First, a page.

Each week the Guardian reports on felons dealt with mainly by Chester Crown Court.

The main difference between criminals today and in the 18th century is the sentences.

No longer can the death sentence be imposed, but it most certainly could at the time of our story in 1841.

Murder, uttering forged money, and the theft of a horse are just a few of the offences for which hanging would be the sentence.

Mathew Fowles was born in Witton cum Twambrooks, now Northwich, on April 9, 1819.

His father was William Fowles, and his mother was Kitty Fowles, and they lived in Church Walk, Northwich.

A respectable couple, his father was later the church sexton at nearby St Helen's Church.

His duties involved gravedigging, he was the custodian of the church buildings, preparing them for meetings etc., and minor other duties such as bell ringing.

Their son Mathew however, did not live up to the expectations of such respectable parents.

He went to school in the town, but his wayward behaviour started to develop.

His demeanour was sullen, his conduct mischievous, and his learning very slow.

At the age of 14 years, he was apprenticed to Thomas Snelson, a shoemaker of Witton; he remained there for four years, after which, due to his reckless and unmanageable behaviour, he was discharged from his apprenticeship.

Northwich Guardian: Church Walk in the 1800sChurch Walk in the 1800s (Image: Paul Hurley)

He then started two jobs; the first lasted a week, and the other a few months. After this, Peter Bratt, a boot and shoemaker of Leicester Street, took him on as an apprentice on a two-year engagement.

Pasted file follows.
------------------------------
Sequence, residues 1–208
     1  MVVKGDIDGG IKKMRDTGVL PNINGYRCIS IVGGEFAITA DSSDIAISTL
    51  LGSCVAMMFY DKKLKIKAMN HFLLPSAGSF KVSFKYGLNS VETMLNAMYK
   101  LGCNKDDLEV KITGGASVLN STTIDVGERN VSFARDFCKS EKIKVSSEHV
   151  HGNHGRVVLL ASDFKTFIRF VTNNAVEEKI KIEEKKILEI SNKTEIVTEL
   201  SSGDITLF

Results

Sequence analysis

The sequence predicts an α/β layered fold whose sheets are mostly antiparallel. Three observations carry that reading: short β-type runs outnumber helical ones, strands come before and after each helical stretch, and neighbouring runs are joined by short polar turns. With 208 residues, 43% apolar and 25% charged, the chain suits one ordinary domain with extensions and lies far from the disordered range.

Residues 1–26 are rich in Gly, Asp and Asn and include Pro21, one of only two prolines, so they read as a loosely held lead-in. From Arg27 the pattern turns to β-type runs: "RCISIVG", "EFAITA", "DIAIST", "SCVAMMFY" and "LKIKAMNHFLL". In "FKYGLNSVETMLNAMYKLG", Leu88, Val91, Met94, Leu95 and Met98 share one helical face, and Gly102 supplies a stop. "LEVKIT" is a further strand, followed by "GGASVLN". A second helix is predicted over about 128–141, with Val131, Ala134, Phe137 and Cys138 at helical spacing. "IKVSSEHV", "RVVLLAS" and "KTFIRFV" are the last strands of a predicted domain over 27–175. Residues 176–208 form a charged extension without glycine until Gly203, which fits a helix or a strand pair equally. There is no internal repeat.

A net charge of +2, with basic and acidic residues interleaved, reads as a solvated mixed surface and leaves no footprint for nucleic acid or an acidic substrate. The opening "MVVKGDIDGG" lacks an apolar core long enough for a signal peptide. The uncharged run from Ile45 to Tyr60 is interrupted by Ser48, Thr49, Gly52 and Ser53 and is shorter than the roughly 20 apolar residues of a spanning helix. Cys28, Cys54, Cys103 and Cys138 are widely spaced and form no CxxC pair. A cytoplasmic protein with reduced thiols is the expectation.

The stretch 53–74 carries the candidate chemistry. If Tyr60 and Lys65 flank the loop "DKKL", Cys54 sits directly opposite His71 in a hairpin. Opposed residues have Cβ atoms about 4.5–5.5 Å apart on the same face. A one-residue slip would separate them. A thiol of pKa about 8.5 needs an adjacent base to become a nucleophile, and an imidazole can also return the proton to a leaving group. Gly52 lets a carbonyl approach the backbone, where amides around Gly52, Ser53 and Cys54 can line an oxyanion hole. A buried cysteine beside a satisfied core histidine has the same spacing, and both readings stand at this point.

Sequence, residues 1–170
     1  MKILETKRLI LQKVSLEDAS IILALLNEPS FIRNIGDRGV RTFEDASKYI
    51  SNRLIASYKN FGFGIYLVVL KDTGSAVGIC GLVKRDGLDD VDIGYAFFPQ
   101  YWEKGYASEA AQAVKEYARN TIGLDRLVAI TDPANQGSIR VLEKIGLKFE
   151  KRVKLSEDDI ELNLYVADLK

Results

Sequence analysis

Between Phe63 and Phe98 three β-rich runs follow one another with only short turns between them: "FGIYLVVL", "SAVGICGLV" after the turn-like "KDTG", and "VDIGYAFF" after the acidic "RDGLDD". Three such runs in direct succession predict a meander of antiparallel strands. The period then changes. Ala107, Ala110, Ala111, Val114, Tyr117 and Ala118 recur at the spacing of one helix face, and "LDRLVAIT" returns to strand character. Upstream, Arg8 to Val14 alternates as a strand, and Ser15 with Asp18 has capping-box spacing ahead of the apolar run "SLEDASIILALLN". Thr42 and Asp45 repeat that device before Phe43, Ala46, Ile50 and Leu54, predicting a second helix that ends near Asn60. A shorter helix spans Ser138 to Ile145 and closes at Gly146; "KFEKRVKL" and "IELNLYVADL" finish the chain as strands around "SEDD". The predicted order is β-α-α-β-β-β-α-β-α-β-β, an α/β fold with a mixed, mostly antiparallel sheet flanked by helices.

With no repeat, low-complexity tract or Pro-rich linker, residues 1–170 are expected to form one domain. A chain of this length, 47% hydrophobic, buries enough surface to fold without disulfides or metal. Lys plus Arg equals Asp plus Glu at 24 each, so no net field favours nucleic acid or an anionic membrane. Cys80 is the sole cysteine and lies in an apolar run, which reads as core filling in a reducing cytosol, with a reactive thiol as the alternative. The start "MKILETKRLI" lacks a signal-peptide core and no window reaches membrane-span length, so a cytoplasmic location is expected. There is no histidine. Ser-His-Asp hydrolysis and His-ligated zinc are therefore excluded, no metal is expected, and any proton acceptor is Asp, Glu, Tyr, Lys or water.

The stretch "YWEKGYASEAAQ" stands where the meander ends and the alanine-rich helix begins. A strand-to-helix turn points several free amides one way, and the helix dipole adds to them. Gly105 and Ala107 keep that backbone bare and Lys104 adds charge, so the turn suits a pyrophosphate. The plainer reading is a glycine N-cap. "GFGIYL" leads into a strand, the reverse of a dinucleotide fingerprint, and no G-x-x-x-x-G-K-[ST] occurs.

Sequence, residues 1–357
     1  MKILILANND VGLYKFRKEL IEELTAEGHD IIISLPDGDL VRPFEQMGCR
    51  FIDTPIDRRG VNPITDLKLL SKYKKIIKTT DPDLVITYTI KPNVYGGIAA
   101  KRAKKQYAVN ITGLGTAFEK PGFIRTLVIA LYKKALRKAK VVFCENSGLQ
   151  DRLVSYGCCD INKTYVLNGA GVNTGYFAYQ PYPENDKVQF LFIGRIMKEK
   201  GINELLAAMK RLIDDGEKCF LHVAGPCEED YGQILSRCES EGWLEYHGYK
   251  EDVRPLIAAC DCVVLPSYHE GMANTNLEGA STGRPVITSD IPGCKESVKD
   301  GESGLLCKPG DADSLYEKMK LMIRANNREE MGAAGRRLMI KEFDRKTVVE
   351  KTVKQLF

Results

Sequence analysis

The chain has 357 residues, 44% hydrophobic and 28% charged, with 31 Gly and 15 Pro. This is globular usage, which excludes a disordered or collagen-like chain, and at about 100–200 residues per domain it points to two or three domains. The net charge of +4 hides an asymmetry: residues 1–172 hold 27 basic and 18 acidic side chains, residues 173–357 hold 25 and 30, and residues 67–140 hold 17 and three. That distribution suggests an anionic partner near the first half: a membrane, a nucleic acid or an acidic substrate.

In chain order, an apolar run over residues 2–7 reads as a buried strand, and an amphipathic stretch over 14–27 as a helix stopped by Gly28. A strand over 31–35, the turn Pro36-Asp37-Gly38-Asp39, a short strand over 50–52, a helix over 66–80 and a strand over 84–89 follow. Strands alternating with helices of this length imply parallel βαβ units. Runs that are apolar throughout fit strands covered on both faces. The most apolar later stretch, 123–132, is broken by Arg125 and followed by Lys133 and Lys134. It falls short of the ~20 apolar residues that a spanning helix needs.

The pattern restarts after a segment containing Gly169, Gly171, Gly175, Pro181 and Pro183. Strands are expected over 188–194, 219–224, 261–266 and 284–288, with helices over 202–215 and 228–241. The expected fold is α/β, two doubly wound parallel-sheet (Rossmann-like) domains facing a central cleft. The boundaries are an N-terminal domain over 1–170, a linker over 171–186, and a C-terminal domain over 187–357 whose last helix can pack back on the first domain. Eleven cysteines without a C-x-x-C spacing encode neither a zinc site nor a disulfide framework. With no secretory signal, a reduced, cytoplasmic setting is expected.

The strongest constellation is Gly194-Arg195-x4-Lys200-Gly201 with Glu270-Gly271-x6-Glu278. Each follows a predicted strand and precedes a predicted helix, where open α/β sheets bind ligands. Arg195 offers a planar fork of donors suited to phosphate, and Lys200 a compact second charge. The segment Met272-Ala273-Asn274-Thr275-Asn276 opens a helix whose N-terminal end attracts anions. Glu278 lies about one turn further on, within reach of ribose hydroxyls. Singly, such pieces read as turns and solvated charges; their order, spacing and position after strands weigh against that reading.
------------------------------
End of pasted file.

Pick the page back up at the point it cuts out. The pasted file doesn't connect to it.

After a very short time in the apprenticeship, he was apprehended after stealing 10 hen fowls, the property of Humphrey Adams of Northwich.

For this, he was committed to Knutsford Gaol and tried at the Easter Sessions in 1838 but was acquitted.

Shortly after, he was arrested again for stealing a hat appearing at the Chester Summer Assizes in 1838.

He was convicted and sentenced to hard labour for four months. On release, he was taken back into his last employ but was soon discharged for incorrigibly bad conduct.

He continued in his nefarious and criminal business until the end of 1839 when Mr T Yarwood took him on.

It was hoped that with this trust, he would reform his habits and leave the company of his former companions.

Northwich Guardian: The junction of Leicester StreetThe junction of Leicester Street (Image: Paul Hurley)

Unfortunately, these hopes did not materialise. After about three months, his master discovered that he had stolen leather and had it made into shoes for himself.

He was instantly discharged, and soon after, he was obliged to leave Northwich due to his feloniously receiving money from a Mr Gaskell of Warrington.

He then travelled to London, where soon after his arrival, he was apprehended and sentenced to prison for robbing a fellow tenant of a trifling sum.

He was tried, found guilty, and sentenced to imprisonment for six months in Cold-bath-fields Prison.

On release from prison, he left London with the intention of returning to Northwich. On the way, he passed through Newcastle, where his actions took a turn for the worst.

To be concluded next week.